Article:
What is evil? The Torah or man’s sin nature?

Romans 7:4, You have been made dead with regard to the Torah. Are you free to break the law if you’re now dead to it? David Stern in his Jewish New Testament Commentary (p. 375) explains that it is not the Torah that has been made dead (or abrogated), nor is a believer made dead in the sense of no longer responding to its truth. Rather, he has been made dead not to all of the Torah, but to three aspects of it: (1) its capacity to stir sin in him (vv. 5–14), (2) its capacity to produce irremediable guilt feelings (vv. 15–24), and (3) its penalties, punishment and curses (8:1–4).

To fully understand Paul’s writings, one must have a complete understanding of the Torah and all of its aspects. Most individuals coming from the Christian theological perspective have a very limited and narrow understanding of the Torah (or as they term it, “the law”). For example, they fail to understand that how we react to the Torah—obedience versus disobedience—will determine how Torah “reacts” to us. For example, YHVH has embedded into the Torah a cause-and-effect spiritual mechanism: obey and be blessed, disobey and suffer the consequences, i.e., the curses of the Torah. Other laws in the universe with which we are familiar have the same cause-effect rewards-punishment systems built into them. How about the law of gravity? Try jumping off a tall building, for example. Paul in verse 13 asks whether we Continue reading


 

Are You a Slave to Sin or Righteousness (i.e. Torah)?

Romans 6:14–15 says,

For sin shall not have dominion over you, for you are not under the law, but under grace.…What then? Shall we sin, because we are not under the law, but under grace? Elohim forbid!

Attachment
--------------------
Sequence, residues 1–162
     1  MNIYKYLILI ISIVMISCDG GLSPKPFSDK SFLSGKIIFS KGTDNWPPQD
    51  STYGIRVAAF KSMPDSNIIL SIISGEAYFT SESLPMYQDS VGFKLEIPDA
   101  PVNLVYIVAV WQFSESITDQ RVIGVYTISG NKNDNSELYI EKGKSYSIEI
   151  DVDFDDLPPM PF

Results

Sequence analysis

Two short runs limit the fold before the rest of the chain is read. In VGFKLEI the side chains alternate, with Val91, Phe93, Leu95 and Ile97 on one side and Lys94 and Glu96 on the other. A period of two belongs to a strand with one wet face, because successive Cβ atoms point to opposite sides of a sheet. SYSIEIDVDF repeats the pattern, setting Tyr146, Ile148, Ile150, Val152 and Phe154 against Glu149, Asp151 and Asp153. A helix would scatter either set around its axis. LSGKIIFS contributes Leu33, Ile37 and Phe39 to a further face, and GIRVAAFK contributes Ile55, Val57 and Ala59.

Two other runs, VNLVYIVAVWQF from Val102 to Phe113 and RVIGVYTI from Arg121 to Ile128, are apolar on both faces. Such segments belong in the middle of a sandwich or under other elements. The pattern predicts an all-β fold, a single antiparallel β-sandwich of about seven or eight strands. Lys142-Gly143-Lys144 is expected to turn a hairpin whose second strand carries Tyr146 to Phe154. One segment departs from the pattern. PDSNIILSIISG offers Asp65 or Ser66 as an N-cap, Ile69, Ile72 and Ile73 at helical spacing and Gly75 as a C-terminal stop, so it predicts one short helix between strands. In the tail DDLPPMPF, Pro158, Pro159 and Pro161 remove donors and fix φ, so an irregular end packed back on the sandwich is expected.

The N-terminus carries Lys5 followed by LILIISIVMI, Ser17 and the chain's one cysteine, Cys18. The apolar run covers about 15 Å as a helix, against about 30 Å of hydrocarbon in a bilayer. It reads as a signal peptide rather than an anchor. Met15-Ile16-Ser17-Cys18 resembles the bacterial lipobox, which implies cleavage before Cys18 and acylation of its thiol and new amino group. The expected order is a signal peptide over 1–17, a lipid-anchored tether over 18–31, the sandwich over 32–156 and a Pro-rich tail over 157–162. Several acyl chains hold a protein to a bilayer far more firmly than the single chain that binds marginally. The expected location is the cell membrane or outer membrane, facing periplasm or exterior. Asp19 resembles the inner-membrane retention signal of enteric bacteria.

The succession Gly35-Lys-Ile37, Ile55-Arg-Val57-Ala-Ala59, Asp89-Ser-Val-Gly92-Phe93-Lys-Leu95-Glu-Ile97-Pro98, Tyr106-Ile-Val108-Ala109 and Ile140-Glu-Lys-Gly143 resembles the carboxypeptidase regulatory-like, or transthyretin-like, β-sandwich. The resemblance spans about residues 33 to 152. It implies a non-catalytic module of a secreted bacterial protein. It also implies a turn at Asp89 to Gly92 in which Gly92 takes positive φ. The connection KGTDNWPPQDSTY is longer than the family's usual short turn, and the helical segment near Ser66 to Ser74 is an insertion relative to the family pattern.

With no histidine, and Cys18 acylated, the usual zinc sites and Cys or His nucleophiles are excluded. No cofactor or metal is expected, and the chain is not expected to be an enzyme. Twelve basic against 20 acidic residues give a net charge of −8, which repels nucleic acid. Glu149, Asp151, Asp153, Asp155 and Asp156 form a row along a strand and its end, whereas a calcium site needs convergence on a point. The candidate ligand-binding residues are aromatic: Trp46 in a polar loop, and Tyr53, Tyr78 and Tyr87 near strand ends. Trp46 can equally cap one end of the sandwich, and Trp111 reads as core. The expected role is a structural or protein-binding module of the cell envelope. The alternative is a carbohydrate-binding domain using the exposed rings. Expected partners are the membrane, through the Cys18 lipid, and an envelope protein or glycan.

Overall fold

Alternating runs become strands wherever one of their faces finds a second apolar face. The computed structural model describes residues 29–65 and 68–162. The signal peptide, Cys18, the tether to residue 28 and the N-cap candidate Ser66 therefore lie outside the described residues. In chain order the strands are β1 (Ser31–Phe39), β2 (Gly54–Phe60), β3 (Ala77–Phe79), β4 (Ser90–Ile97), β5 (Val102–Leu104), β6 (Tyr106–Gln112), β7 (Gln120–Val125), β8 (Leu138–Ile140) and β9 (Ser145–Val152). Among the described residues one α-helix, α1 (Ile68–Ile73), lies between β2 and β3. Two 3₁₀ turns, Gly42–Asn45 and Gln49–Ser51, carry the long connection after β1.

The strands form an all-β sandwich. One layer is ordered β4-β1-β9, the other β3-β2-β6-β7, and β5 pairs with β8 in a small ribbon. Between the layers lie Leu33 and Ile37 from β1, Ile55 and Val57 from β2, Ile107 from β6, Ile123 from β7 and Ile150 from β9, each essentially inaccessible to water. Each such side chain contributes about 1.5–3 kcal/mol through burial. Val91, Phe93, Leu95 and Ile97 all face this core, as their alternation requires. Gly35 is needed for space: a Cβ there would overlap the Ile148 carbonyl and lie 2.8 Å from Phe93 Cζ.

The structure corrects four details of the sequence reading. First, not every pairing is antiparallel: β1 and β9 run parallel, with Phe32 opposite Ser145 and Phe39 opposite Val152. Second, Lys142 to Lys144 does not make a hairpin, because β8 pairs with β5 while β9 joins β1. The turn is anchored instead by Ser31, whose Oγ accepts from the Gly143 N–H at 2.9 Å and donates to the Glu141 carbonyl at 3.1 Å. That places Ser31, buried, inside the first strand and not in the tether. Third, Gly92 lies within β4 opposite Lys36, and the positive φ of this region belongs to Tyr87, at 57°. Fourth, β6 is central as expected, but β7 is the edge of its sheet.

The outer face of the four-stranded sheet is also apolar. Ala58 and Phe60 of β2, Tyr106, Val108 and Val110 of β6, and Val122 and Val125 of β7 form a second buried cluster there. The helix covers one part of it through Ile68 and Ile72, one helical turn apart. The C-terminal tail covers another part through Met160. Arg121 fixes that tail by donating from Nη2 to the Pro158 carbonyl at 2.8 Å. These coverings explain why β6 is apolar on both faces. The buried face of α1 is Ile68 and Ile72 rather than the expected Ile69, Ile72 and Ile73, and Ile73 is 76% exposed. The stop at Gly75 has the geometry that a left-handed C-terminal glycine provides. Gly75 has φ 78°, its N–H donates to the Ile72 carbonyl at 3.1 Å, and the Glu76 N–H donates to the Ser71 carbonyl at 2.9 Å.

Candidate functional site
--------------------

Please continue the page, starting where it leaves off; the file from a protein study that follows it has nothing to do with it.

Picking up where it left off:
What is Paul saying here? Paul is saying that sin (i.e., Torahlessness, 1 John 3:4) shall not have dominion over those who have faith in Yeshua and who have died to their old sinful nature as pictured by the baptism ritual (Rom 6:1–10). The Bible is clear: the wages or sting of sin is death (Rom 6:23; 1 Cor 15:56), for sin is the violation of the Torah (1 John 3:4), and those who are spiritually alive to Elohim through Yeshua (Rom 6:11) not only have had their sins forgiven, but they’re not continuing in habitual sin (1 John 3:4–9). They are walking under YHVH’s merciful grace, so that if they sin (i.e., violate the Torah), they can repent and receive his grace (1 John 1:9) instead of death. This is why Paul can say that the redeemed believer is no longer under the (penalty of) the Torah, but is under grace (Rom 6:14).

Because we are under grace and we have been spared by Elohim’s mercy from the penalty for sinning (i.e., violating the Torah), which is death, does this mean that we can continue in sin (i.e., continue violating the Torah, Rom 6:15)? Certainly not! Paul strongly affirms this in verse fifteen. Elohim’s grace doesn’t give us a license to sin (i.e., to violate the Torah, 1 John 3:4). If a saint sins, he must repent of his sin and not continue in his sin (1 John 1:9), so that the mercy and grace of Elohim will cover his transgression.

Paul then goes to say (Rom 6:16–23) that since we are no longer slaves to sin because of our relationship with Elohim through Yeshua, we now have become slaves to righteousness (i.e., Torah obedience, see Ps 119:172 where righteousness is defined as Torah-obedience). The Torah not only defines what sin is, but also shows us how not to sin. It is the grace of Elohim that not only gives us grace or unmerited pardon for violating the Torah (i.e., sin), but the same grace divinely enables us to live in obedience to the Torah, so that we will not come under the (penalty of) the Torah through sinfulness. This is why Paul can go on to declare that the Torah is holy, and the commandment holy, just and good (Rom 7:12). It reveals to us the path of righteousness and how not to sin by showing us how to love Elohim and our neighbor.